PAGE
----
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Staging the Tragedie of Cleopatra: Blog
Professor Rachel Bowlby
Phone: 020 7679 3138
Internal phone: 33138
Education and Experience
Rachel Bowlby was born in Billingham-on-Tees and grew up there and in Croydon and Newcastle. She was a student at Oxford and then at Yale, where she studied Comparative Literature and wrote a thesis on novels about women and shopping. This became her first book, Just Looking. Before coming to UCL in 2004 she taught at Sussex, Oxford, and York. She has also been a visiting professor at a number of universities including Cornell, Rutgers, Otago (New Zealand), and Paris 3 (the Sorbonne Nouvelle), and she has lectured widely both in this country and elsewhere. In 2008 she gave the Gauss Seminars in Criticism at Princeton. She is a Fellow of the British Academy and the Northcliffe Professor of English at UCL. She has been awarded a Leverhulme Major Research Fellowship from 2011-13.
Since Just Looking, which was about department stores, Rachel Bowlby has written several more books on consumer culture, including Carried Away: The Invention of Modern Shopping, about the history of self-service and supermarkets. Shopping with Freud explored some connections between psychoanalysis and consumer psychology, a field of research that began at the same time as psychoanalysis. Two more books have also looked at changing psychological and literary notions of selfhood: Still Crazy After All These Years: Women, Writing and Psychoanalysis and, most recently, Freudian Mythologies: Greek Tragedy and Modern Identities. Another abiding interest is in realism, both as a specific historical movement in the nineteenth century, and as an ongoing question about how different stories with different assumptions about characters and possibilities come to count as plausible—in the stories we tell in and about ‘real life’, as well as in literature proper. [Life Stories]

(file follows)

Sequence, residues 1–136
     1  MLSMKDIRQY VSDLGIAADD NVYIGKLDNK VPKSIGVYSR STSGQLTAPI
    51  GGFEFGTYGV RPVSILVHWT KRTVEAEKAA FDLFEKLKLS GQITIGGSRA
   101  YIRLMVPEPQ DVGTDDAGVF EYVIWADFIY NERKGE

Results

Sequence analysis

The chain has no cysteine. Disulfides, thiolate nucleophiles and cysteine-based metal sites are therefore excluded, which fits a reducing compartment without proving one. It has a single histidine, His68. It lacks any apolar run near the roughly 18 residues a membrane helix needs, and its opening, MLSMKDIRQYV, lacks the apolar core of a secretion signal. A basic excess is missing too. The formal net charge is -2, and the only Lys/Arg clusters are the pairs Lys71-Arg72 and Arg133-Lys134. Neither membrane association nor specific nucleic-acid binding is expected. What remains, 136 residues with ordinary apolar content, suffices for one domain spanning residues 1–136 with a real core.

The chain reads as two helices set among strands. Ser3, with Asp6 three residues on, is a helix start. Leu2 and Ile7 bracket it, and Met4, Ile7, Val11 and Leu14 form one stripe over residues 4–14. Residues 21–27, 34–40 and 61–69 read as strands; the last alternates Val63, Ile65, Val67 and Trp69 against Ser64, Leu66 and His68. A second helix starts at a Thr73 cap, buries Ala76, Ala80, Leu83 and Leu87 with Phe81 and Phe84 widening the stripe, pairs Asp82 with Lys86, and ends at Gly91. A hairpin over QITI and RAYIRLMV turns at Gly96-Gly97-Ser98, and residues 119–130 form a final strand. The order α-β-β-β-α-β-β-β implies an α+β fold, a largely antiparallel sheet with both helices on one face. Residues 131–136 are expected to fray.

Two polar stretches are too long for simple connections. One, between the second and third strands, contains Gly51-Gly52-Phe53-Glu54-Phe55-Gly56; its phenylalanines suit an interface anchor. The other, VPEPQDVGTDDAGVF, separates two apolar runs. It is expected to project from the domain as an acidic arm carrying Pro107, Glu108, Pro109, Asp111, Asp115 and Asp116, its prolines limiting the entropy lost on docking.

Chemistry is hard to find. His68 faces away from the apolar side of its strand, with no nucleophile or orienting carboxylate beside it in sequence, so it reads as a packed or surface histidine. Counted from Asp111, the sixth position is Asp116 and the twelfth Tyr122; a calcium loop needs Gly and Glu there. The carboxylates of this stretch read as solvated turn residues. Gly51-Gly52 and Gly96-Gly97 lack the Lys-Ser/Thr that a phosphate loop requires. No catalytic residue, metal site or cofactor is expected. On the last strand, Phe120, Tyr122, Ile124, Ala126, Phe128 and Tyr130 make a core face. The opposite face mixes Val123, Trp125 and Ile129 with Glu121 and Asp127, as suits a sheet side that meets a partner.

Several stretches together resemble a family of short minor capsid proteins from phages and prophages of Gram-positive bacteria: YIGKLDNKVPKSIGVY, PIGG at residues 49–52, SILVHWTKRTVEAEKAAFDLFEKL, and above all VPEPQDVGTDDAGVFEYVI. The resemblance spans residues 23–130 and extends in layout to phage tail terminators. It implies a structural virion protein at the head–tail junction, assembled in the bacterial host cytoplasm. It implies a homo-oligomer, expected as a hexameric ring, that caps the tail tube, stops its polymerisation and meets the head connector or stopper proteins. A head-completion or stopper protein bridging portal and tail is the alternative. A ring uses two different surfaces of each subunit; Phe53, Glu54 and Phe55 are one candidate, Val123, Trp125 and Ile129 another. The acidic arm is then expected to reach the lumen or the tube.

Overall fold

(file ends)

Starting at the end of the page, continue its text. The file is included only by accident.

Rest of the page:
Rachel Bowlby’s second book, on Virginia Woolf’s novels,
led to a World’s Classics edition of Woolf’s spoof
biography Orlando [Life Stories]
and to two Penguin volumes of Woolf’s essays. [Editions]
She also has a long-standing interest in literary theory, and has
translated a number of books
by contemporary French philosophers, including Derrida’s
Of Hospitality and Paper Machine.
Freudian Mythologies: Greek Tragedy and Modern Identities (Oxford: Oxford University Press, 2007; rpt. 2008 and pbk. 2009). (On Freud's return to the classics in formulating his theories of personal and social change and on what has changed in the likely stories of identity since Freud's own time.)
Carried Away: The Invention of Modern Shopping (London: Faber and Faber, 2000 and NewYork: Columbia University Press, 2001). (On changing models of consumers and choice in the history of self-service and supermarkets.)
Feminist Destinations and Further Essays on Virginia Woolf (Edinburgh: Edinburgh University Press, 1997). (A reprint of the 1988 Woolf book, with six 'further' essays.)
Shopping With Freud. London and New York: Routledge, 1993. (On
notions of choice in consumer culture, psychoanalysis and feminism.)
Italian translation published as Shopping con Freud (Milan: Lupetti, 1996).
Still Crazy After All These Years: Women, Writing and Psychoanalysis. London and New York: Routledge, 1992; rpt. 1998; rpt. forthcoming Taylor & Francis, 2009).